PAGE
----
Memo To: Anthony Tommasini, NYTimes opera critic
From: Jude Wanniski
Re: La Cenerentola
As we were leaving the Met's opening performance of Rossini's La Cenerentola, I asked my wife Patricia what she thought the Times would say about it. "They won't like it," she said. "They hate to see audiences really enjoying themselves, having fun." Sure enough, your Saturday review, "Bartoli Gives a Lesson in Voice Projection," raves about Cecilia's ability to get her smallish voice around the big house. But you sneer from first to last at Cesare Lievi's marvelously inventive production and the inspired sets and costumes of Maurizio Balo. In all my opera-going years, I've never been as entertained and amused by the comic goings-on that breezed around the singers. My wife was right, Tommasini, you are either a grumpy old man or a grumpy young man. When Cecilia as Cinderella climbs above the giant wedding cake, it was obvious to everyone in the house that she was enjoying every wacky moment...
Except for you: "The final scene presents the happy couple as a bride and bridegroom atop a humongous wedding cake. It's an inane idea, and Ms. Bartoli did not look pleased to be climbing up and down the thing." In the tabloid NY Daily News, the headline has it right, "Bartoli Has a Ball in 'Cenerentola,'" by Terry Teachout, and says nothing about a "lesson in projection," which I missed in my first row center box. Teachout saw the "zany" production "laid on with a lavish hand.... The all-male chorus is dressed in bowler hats and black suits; a donkey flies sweetly through the air; the members of the cast hurl spaghetti at one another with John Belushi-like abandon. This was the Met debut of Lieve and Balo, and I hope they come back very, very soon."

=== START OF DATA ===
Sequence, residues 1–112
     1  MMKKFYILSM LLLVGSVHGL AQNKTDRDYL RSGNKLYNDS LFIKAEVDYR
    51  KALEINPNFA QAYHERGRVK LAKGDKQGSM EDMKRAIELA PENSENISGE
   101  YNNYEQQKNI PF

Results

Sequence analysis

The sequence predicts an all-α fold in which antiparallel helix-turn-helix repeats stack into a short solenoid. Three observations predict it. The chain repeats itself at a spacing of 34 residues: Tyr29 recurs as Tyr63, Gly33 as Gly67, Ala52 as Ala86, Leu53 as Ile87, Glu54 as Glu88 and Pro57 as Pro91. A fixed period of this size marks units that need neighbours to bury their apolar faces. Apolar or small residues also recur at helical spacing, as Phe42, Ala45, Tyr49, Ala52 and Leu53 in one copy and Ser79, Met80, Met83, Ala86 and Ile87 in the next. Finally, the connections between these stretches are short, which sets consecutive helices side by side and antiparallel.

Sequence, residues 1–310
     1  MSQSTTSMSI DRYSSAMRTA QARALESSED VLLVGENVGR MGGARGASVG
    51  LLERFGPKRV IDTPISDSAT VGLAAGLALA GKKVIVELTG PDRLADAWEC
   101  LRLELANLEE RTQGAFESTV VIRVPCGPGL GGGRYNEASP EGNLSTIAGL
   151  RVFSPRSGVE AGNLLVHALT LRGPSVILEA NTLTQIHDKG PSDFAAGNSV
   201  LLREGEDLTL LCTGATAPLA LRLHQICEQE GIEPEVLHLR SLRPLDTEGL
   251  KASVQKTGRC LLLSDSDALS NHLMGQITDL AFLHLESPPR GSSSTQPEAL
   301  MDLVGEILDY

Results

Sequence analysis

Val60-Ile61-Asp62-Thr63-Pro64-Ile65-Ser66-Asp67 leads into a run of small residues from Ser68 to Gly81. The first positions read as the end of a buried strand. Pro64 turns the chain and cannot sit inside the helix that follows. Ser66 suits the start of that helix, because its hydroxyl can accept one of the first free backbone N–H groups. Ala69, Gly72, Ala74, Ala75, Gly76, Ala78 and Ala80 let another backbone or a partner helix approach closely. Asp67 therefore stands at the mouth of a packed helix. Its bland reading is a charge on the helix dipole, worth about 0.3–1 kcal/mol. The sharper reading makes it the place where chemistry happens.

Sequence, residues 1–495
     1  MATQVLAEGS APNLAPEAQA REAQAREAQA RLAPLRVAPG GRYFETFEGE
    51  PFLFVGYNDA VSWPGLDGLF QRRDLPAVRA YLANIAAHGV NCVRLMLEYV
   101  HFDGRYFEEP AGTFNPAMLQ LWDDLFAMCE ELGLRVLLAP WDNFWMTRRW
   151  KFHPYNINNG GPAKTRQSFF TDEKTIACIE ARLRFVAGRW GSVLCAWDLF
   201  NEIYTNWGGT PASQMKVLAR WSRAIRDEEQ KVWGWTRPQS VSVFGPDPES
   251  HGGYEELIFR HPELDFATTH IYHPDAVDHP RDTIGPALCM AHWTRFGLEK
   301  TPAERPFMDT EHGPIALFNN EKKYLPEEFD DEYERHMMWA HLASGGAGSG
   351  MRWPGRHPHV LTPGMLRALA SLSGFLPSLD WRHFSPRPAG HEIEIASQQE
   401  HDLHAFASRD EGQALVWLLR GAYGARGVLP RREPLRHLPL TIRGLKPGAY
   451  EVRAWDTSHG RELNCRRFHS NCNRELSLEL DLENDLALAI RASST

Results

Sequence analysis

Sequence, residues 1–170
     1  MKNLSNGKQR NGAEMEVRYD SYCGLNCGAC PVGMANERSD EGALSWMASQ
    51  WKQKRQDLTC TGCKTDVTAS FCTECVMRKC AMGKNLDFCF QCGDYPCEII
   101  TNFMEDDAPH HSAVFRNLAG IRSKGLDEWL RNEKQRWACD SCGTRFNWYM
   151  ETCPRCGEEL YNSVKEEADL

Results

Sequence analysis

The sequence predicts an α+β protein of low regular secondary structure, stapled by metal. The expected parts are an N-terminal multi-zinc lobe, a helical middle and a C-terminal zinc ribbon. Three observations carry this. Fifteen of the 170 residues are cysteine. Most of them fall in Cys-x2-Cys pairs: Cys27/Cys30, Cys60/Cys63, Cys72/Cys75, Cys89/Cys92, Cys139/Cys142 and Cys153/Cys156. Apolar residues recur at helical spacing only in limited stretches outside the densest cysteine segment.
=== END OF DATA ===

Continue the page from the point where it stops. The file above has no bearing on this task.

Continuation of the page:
Herbert Kupferberg's review in Saturday's NYPost, headlined "Bartoli's 'La Cenerentola' is bella at the ball," was no less admiring: "The enchantment took the form of superb singing by a cast headed by mezzo-soprano Cecilia Bartoli in the title role, and stylish, imaginative staging by a new Italian team of Cesare Lievi, Maurizio Balo and Gigi Saccomandi. The production was a beguiling combination of traditional farce and modern surrealism, with a bowler-hatted male chorus that could have stepped out of a Magritte painting, a huge crane that lifted Cenerentola to the Prince's ball, a closetful of clocks that never struck midnight, and a gigantic wedding cake on which the bride and groom perched happily at the end."
Lighten up, Tony. This ain't Wagner, but comic opera, comedy based on a children's fairy tale, a fantastic production that surely made Rossini smile, if he was watching.